AffiliationUniversity of Derby
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AbstractWith the increasing use of CSR ratings firms' data to guide ethical investing and to derive findings in academic studies, there has been a growth in the number of ratings firms. These firms use differing methodologies and data to derive their ratings. Therefore, it is important to understand whether ratings are commensurable, as decisions made on the basis of the ratings data used may differ. This paper assesses the level of agreement between two ratings firms, Bloomberg and CSR Hub across three main CSR subcategories and an overall score. It uses Lin’s concordance correlation coefficient and intraclass correlation coefficient on continuous ratings, and cross-tabulation and Cohen’s kappa on ranked ratings within a sample of 720 US and EU companies. For both continuous and ranked data, there is most agreement on Employees/Social, Community/Social and Overall categories and weaker agreement on Environmental and Governance categories. Firms in the German DAX are most consistently rated, as are large and medium-sized firms. These findings propose a degree of caution for investors and academics using only one rater as the basis for their decisions/inferences. Accounting practitioners should be aware their CSR disclosures result in differing ratings and should consider which raters their key investors use. This paper is original in the comprehensive range of methods used to analyse two ratings firms across all CSR sub-categories, in samples from both the US and EU.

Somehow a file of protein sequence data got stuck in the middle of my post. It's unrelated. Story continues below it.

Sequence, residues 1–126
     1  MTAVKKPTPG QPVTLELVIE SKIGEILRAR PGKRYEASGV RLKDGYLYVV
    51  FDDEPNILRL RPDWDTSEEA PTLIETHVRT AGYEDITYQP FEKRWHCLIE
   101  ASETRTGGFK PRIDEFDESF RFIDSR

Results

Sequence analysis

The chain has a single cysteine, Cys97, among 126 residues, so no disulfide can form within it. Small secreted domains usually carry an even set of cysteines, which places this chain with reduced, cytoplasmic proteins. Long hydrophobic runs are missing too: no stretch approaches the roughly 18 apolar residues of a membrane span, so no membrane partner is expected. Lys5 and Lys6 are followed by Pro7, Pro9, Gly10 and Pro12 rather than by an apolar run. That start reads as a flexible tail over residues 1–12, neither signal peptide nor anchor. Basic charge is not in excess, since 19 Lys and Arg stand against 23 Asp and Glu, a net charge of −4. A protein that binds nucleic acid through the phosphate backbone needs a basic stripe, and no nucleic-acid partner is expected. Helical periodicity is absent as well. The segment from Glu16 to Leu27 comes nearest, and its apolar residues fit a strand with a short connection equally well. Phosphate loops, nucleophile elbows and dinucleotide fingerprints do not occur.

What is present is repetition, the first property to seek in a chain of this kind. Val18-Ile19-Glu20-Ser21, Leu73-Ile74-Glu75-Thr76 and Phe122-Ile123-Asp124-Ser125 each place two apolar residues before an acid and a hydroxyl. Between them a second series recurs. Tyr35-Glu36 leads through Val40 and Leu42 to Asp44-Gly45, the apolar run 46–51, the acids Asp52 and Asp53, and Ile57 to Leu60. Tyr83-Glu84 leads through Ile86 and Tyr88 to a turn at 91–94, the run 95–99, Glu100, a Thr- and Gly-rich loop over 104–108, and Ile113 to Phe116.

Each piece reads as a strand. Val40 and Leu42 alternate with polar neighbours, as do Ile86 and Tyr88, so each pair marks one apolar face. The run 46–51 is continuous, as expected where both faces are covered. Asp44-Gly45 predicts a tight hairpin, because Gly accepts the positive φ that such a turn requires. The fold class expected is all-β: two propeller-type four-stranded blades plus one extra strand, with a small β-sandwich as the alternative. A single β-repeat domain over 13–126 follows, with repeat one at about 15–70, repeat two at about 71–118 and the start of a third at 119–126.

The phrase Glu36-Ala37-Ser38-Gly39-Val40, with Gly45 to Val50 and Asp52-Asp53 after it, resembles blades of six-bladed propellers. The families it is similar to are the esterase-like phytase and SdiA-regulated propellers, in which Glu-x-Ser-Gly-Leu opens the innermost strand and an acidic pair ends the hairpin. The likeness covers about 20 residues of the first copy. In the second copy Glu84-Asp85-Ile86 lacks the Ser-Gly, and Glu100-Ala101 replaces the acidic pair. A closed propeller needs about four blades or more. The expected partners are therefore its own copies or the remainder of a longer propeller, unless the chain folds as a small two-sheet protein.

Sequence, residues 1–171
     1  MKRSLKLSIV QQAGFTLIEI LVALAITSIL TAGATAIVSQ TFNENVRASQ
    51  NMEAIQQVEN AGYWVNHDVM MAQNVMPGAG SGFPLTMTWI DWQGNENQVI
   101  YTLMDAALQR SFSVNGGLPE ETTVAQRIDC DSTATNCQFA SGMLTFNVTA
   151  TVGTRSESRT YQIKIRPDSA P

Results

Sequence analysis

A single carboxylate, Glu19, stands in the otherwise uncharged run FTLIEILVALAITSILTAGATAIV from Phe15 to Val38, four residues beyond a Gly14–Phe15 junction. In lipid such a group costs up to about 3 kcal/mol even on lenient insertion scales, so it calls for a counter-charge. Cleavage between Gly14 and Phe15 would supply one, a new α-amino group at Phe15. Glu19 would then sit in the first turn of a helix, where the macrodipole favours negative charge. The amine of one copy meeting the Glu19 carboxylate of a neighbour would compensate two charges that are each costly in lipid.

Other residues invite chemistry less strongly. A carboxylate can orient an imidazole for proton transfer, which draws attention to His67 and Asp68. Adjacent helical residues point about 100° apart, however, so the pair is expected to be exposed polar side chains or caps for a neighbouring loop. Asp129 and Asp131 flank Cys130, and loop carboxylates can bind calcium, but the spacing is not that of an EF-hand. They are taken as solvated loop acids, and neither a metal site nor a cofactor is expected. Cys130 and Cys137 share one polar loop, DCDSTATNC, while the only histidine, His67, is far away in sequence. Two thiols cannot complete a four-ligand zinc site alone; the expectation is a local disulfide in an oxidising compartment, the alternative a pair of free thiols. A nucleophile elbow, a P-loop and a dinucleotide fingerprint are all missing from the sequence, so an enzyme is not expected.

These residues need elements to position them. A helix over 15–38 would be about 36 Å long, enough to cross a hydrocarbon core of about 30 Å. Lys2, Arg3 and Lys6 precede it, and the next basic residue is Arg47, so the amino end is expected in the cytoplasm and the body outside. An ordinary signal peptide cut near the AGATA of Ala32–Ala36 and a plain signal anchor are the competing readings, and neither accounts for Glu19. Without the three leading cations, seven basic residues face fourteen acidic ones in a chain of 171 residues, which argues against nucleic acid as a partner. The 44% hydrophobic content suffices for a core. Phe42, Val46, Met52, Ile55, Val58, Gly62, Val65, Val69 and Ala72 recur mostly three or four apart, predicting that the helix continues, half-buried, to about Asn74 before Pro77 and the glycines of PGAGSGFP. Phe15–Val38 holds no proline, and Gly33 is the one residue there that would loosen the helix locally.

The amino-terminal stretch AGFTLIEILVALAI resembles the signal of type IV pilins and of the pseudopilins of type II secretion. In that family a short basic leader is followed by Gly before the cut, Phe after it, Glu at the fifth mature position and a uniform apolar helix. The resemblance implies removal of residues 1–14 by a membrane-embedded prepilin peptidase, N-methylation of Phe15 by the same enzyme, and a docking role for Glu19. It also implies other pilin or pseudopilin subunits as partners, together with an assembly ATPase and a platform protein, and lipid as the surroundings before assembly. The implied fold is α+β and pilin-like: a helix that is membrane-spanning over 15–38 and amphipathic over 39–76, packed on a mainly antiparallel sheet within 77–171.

CitationConway, E. (2019) 'To agree or disagree? An analysis of CSR ratings firms'. Social and Environmental Accountability Journal, pp. 1-26. DOI: 10.1080/0969160X.2019.1613248.
PublisherTaylor and Francis
JournalSocial and Environmental Accountability Journal